How many luxurious feasts the philosopher saw, if this assortment already caused such anger! One can imagine. In the 1st century. n. e. Mark Gavius ​​Apicius, in addition to many seasonings and complex sauces, in his popular recipes suggested using it with ordinary meat: fat, brains and intestines, liver, raw eggs (all this can be combined and flavored with spices). The sophisticated nobility ate Drozdov only stuffed with nuts and raisins. And what about the then widespread fish sauce "garum", made from fish salted in a vat and lying in the sun for several months (the sauce itself was then drained from the vat of slurry)! Indeed, I do not want to continue this unappetizing series, especially since it would be too long.

Mosaic "Inhabitants of the Sea"

Suffice it to generalize - noble and jaded Romans often chased after new tastes and expensive dishes, demonstrating their well-being at numerous receptions. The most affordable way to complicate and increase the cost of food was a combination of expensive and small ingredients in one dish - as, for example, described by the writer of the 1st century. n. e. Petronium fried dormouse with poppy seeds and honey or a pig stuffed with sausages and offal.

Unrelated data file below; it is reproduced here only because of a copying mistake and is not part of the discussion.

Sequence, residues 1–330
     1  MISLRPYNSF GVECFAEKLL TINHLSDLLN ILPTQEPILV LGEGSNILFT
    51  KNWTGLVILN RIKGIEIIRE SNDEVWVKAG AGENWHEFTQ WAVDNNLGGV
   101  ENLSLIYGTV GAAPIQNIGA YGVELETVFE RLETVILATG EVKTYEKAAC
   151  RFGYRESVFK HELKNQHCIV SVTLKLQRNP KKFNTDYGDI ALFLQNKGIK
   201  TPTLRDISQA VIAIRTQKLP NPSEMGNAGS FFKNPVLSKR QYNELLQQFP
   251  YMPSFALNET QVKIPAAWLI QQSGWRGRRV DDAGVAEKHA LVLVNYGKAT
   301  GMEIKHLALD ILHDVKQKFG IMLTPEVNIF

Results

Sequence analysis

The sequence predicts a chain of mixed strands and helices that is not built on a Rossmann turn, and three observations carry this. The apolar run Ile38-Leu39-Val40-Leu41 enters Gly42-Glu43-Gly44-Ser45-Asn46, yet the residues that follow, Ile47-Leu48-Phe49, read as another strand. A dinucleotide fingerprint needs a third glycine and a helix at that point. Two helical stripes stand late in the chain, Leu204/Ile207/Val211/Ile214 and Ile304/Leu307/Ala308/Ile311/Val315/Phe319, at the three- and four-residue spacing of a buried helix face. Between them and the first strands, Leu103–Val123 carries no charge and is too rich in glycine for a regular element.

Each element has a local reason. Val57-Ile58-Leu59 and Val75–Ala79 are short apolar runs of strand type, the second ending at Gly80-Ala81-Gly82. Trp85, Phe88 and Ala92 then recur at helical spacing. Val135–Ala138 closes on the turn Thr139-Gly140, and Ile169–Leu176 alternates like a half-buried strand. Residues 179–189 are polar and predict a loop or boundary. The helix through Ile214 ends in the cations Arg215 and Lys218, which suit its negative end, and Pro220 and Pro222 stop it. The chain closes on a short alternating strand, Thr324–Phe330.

The recipe by which even today each of us can make an ancient Roman dinner

The already mentioned culinary specialist Apicius also gives many recipes that today can be considered quite acceptable. Some of his richest contemporaries, perhaps, would have recognized this recipe as rustic, and even to a man of the 21st century. it won't seem overly complicated.

Chicken with thyme sauce

Ready (boiled or fried) chicken (1.5 kg); ½ tsp ground pepper; 1 tsp thyme; ½ tsp cumin; a pinch of fennel; a pinch of mint; a pinch of rosemary or rue; 1 tsp wine vinegar; ¼ cups of chopped dates 1 tsp honey; 2 cups chicken stock 2 tsp olive or butter. Grind pepper, thyme, cumin, fennel, mint and rosemary in a mortar. Combine with vinegar, dates, honey, broth and oil. Bring to a boil. Within 30 min. simmer the cooked chicken in the sauce.

Bon Appetit!